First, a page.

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U.S. probe of firehouse noose incident sought

JACKSONVILLE - An NAACP leader said he would ask the Justice Department to investigate an alleged culture of racism in the Jacksonville Fire-Rescue Department.

Isaiah Rumlin, president of the National Association for the Advancement of Colored People, said he would ask for the investigation after two black firefighters reported finding hangman's nooses on their gear when they arrived at work at a downtown Jacksonville fire station Friday.

Roderick Lewis and Rufus Smith have been on administrative leave with pay since they reported finding the nooses clipped to their coats.

Nooses historically have been used by racists to intimidate blacks because of the connection to lynching.

Jacksonville Mayor John Peyton called the incident morally reprehensible and said he had requested an immediate investigation by the city's Human Rights Commission and the General Counsel's Office.

Another Jacksonville firefighter claimed he was taunted with a noose in September.

McCain: Let's review

wet-foot, dry-foot policy

MIAMI - U.S. Sen. John McCain on Tuesday joined the growing debate over the government's wet-foot, dry-foot policy for Cuban immigrants, saying it's time to re-examine it.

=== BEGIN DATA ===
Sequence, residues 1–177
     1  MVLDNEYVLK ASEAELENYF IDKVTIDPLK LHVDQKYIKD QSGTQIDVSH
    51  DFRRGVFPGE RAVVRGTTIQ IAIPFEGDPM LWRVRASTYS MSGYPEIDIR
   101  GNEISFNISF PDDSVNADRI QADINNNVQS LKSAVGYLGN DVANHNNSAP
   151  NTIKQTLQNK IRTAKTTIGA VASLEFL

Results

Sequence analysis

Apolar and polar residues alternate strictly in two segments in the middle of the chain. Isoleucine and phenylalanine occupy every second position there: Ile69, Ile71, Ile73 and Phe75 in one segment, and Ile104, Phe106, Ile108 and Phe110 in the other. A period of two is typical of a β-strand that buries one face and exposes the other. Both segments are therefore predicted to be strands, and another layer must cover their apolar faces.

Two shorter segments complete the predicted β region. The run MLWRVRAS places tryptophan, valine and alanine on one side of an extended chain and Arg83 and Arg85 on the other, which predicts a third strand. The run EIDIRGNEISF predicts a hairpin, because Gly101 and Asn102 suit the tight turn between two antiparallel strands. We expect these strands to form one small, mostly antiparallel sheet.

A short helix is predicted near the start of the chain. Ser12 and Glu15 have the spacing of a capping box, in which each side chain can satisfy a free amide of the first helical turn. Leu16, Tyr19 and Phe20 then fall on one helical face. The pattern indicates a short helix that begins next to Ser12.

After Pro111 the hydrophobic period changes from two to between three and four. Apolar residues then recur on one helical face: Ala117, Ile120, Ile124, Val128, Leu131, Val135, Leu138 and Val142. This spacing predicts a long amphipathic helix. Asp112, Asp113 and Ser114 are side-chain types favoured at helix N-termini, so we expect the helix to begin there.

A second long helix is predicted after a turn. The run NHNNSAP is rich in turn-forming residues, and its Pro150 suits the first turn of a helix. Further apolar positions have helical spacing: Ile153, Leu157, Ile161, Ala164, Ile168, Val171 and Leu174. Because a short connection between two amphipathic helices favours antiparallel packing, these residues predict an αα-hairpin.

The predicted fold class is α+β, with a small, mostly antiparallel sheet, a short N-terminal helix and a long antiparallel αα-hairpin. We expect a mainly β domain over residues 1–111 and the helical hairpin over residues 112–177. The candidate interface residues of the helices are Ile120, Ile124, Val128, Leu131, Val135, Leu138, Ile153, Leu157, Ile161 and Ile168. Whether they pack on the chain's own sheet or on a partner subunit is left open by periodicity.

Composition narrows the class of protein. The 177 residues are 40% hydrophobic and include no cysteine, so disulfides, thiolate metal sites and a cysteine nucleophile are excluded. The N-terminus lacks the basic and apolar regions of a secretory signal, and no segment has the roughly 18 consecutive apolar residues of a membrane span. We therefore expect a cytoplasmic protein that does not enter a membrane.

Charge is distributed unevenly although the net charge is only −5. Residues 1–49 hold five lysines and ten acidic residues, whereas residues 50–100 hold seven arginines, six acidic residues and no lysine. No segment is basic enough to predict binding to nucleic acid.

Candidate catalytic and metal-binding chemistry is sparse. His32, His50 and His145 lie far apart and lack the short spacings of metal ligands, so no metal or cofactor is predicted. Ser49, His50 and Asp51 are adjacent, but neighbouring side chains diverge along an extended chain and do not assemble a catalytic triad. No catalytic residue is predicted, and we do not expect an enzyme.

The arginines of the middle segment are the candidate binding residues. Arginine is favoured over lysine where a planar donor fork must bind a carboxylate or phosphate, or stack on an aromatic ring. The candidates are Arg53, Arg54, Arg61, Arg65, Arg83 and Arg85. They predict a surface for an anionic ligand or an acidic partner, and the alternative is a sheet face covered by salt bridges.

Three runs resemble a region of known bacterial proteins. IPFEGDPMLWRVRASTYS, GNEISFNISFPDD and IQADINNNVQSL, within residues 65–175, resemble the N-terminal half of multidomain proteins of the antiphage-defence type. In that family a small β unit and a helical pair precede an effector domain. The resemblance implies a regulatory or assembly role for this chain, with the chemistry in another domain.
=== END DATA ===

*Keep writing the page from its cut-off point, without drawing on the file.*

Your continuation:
"I've been talking to many in the Cuban-American community and others, including Gov. (Jeb) Bush, who are more knowledgeable than I," the senator told reporters during a conference call. "I think it needs to be reviewed."

McCain, R-Ariz., spoke in advance of a town meeting he will hold Thursday at Miami-Dade College to promote his immigration reform bill.

The proposal, co-sponsored by Sen. Edward Kennedy, D-Mass., would permit illegal immigrants to obtain work visas for up to six years, with the opportunity to apply for permanent residency. It does not include any reference to the wet-foot, dry-foot policy.

McCain said that policy has become increasingly contentious since 15 Cubans were sent back to the Communist island in January after the U.S. Coast Guard decided that a former bridge they landed on in the Florida Keys was not part of U.S. soil because it no longer connected to land.

Ejecting pilot rescued

after Marine jet crashes

KEY WEST - A Marine fighter jet pilot was rescued Tuesday after ejecting from the plane as it crashed into coastal waters off Key West.

The pilot, who was not immediately identified, ejected from a single-seat F/A-18 Hornet, said Capt. Sarah Kansteiner, a Marine Corps spokeswoman.

The pilot was picked up by a Navy helicopter and transported to Lower Keys Memorial Hospital. Kansteiner said the pilot was in good condition late Tuesday.

The pilot, stationed at Marine Corps Air Station Beaufort in South Carolina, was conducting routine training.

Two arrested in theft

of police evidence

BELLE GLADE - Authorities arrested two men in the theft of guns and drugs from a police evidence storage unit.

John Kenneth Morris, 46, and Gary Bernard Rolle, 53, both of Belle Glade in Palm Beach County, are accused of burglaries on Feb. 11 and Feb. 12 at the city's historic firehouse used to store old case evidence, police Chief Albert Dowdell said.

Police did not retrieve the stolen drugs but recovered some handguns.